Early in the seventeenth century the church gained its present lectern and pulpit, both Jacobean in style. The pulpit has been greatly changed and restored, but its carvings of Biblical themes are believed to date from the late sixteenth century.

During the Civil War, in the mid 1600s, Parliamentary troops, with their Puritan zeal for simplicity in worship, set out to destroy all Popish symbols and undo decoration. In Bosbury they broke all but a few panes of stained glass in the Morton Chapel and also the stoup of holy water in the south porch. According to local tradition they nearly demolished the preaching cross in the churchyard.

Over the centuries, other agents of destruction and of change also played a part. Lightning struck the spire in 1638, the north side of the chancel arch subsided in 1859, a fire destroyed the west of the roofs of the nave and south aisle in 1917 and there was probably some neglect. Many repairs and alterations were made in the nineteenth century, including replacing many pews, tiling the aisles and chancel an installing and later removing, a west gallery. The church escaped the drastic over-restoration fashionable in the period, but the chancel was largely rebuilt in 1871 and a small north transept was formed to house the new organ.

In 1921 the baptistery was moved from the west end of the nave to the south aisle and the present vestry and inner porch were formed. The altar was moved forward in 1980 and in 1987 the Morton Chapel was extensively restored.

The church has no memorials to ancient aristocratic families – the landlords have been the bishops, and since 1848, the Church Commissioners. But to fighting men, there are two slabs in the south arcade marking the burial of Knights Templar. Their order was much involved in the Crusades and they maintained a Preceptory (a branch) at Temple Court nearby. There is one memorial to a casualty in a nineteenth century war: to Arthur Clynton Baskerville Mynors, who died in Natal in 1879. The village war memorial lists 60 men (from a population of about 850) who fought in the First World War of whom 18 died. Their names, with those of six from the Second World War, are on the paneling at the west end of the nave. This was formed from part of the old pews.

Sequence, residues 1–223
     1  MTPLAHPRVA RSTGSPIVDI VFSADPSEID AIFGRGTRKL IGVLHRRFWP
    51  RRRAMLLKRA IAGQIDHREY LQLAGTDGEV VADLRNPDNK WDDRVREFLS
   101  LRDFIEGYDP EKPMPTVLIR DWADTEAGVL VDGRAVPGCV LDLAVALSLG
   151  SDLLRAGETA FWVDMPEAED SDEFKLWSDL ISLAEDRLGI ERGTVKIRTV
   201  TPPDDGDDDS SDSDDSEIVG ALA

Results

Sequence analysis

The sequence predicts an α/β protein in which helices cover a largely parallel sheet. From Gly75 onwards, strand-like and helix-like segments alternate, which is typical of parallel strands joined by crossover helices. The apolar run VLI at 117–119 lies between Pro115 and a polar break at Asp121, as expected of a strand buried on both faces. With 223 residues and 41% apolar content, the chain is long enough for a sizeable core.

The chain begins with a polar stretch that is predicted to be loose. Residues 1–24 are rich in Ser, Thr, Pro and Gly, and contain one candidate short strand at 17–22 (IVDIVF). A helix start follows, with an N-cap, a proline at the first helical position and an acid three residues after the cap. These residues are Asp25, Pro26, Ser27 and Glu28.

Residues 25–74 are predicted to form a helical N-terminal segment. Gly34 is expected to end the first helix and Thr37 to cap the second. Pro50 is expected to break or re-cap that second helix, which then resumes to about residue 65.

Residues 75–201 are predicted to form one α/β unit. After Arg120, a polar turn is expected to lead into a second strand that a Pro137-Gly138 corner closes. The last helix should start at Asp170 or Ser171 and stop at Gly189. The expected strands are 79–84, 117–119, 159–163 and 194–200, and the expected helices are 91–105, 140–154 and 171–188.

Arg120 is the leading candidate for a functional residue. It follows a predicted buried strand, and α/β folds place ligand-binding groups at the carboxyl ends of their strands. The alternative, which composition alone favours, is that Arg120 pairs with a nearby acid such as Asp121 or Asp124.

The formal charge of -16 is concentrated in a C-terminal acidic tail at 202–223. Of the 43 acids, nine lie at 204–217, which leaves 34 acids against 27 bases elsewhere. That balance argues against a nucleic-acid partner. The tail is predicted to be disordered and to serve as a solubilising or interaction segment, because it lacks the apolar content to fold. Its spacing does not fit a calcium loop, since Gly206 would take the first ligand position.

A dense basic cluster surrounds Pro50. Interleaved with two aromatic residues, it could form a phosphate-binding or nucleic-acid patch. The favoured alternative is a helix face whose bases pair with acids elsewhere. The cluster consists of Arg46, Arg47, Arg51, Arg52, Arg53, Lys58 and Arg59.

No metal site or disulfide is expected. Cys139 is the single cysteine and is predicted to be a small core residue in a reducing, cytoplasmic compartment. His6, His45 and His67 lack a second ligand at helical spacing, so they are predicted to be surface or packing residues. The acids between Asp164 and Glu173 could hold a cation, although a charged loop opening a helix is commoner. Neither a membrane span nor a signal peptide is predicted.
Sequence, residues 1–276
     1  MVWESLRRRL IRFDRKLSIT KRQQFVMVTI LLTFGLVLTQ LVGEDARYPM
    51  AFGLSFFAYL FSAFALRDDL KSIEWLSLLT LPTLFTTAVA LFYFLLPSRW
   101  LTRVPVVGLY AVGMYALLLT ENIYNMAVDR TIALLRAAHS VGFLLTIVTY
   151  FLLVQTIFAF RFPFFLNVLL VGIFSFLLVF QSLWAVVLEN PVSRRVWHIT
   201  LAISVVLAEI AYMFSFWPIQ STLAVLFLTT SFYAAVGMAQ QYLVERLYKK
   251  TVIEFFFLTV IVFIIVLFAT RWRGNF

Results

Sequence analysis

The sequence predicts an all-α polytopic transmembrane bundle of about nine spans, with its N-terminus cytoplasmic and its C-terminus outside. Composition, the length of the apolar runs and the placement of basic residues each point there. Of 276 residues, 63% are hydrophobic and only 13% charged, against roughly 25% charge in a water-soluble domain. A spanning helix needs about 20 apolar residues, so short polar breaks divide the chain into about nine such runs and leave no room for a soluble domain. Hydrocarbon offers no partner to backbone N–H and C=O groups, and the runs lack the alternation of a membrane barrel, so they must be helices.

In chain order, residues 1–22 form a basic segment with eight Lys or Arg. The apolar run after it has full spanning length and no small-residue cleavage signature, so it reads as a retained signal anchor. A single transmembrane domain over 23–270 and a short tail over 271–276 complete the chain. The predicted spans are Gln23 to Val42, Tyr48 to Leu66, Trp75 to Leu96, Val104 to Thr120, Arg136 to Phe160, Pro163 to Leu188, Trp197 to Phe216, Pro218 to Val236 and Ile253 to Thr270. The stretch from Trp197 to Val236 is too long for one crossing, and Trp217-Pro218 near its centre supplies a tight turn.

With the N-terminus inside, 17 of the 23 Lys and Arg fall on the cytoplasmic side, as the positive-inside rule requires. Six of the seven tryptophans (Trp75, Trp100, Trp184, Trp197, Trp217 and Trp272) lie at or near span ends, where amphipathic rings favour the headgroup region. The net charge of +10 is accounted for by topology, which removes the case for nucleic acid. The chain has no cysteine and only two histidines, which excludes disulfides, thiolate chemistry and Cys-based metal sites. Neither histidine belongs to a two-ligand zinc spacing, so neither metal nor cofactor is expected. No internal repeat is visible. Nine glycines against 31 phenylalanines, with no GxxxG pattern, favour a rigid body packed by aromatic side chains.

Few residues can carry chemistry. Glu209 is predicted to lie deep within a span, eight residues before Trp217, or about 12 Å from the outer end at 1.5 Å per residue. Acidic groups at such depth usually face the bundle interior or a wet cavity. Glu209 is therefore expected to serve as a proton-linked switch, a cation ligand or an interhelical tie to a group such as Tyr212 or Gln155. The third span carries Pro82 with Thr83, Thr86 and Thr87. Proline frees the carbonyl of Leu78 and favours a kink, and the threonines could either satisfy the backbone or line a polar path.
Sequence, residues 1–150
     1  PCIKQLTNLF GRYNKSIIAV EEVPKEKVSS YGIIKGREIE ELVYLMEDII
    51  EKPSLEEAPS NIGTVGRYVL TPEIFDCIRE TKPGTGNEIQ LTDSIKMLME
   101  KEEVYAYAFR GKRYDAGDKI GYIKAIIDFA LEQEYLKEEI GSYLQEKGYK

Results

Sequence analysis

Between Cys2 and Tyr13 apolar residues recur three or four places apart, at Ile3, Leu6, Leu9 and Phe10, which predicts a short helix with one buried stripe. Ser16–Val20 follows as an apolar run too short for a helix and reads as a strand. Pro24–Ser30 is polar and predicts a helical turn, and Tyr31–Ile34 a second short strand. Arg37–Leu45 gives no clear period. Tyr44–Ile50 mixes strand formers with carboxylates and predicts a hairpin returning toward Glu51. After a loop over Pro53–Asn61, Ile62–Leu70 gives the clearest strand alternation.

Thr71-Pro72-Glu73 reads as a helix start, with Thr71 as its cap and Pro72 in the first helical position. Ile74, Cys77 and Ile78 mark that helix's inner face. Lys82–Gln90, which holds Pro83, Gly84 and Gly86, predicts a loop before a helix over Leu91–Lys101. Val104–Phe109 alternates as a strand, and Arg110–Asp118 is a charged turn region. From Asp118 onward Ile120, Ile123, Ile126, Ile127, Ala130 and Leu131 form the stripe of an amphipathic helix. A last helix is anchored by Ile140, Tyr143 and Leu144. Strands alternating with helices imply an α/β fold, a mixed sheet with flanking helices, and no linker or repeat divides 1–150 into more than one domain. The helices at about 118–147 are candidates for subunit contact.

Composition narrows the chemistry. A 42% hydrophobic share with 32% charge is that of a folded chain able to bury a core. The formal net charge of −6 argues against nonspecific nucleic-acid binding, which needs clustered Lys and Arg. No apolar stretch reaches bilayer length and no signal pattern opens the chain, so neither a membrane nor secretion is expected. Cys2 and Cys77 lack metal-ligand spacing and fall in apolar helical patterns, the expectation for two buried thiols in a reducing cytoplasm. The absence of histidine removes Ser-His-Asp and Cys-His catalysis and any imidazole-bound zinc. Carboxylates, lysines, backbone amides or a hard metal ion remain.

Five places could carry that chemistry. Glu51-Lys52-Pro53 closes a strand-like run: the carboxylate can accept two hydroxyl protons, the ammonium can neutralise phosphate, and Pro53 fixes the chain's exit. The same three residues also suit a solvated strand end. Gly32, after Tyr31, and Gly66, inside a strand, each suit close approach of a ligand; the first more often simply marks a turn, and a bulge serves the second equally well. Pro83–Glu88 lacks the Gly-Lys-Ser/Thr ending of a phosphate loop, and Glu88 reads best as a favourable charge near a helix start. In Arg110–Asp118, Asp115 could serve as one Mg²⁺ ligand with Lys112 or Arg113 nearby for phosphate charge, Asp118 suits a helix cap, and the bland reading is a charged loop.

The east window commemorates the family of the Revd Edward Higgins who lived for over 50 years at Bosbury House. It was made by Wailes in 1882 and shows the four Evangelists and below them, the Presentation in the Temple and the Blessing of the Little Children by our Lord.

Four of the recent memorials have been to women. The west window (St Cecilia and Dorcas) is to Mrs Ellen Hope (d1880) donor of the organ. The panelling in the lower part of the chancel screen is to the progressive novelist “Edna Lyall”  (Ada Ellen Bayly d1903) sister of the Vicar at the time. There is a plaque to Mrs Elizabeth Mutlow Homes (d 1926) a manager of the Girl’s School and the window behind the pulpit (St Michael) is to Mrs Marian Buck (d 1947) a generous local benefactor.

The organ was built in 1871 by Speechly and Ingram of Hereford and improved by Ingram & Co of London in 1897. A small north transept was formed to house it.
          “There are three manuals and pedals; the action is mechanical. The tone is both full and bright. There are 28 speaking stops: 11 on the great, two on the choir (with three further dummy stops without preparation for additional pipes) and four on the Pedal. The swell is enclosed with a trigger foot pedal to the shutters. There are three composition pedals to the Swell and six to the Great, which also operate the pedal stops. The pedal board is straight and concave CCC to F, 30 notes. The usual manual and pedal couplers are fitted and a somewhat noisy tremulant is activated by a foot pedal.”

This organ replaces a barrel organ made by TC Bates in about 1850, which is now in private hands. It has three ranks of stops: Principal, Stopped Diapason and Open Diapason. There are 19 keys and 51 notes. Originally there were four barrels each pinned to play eleven tunes.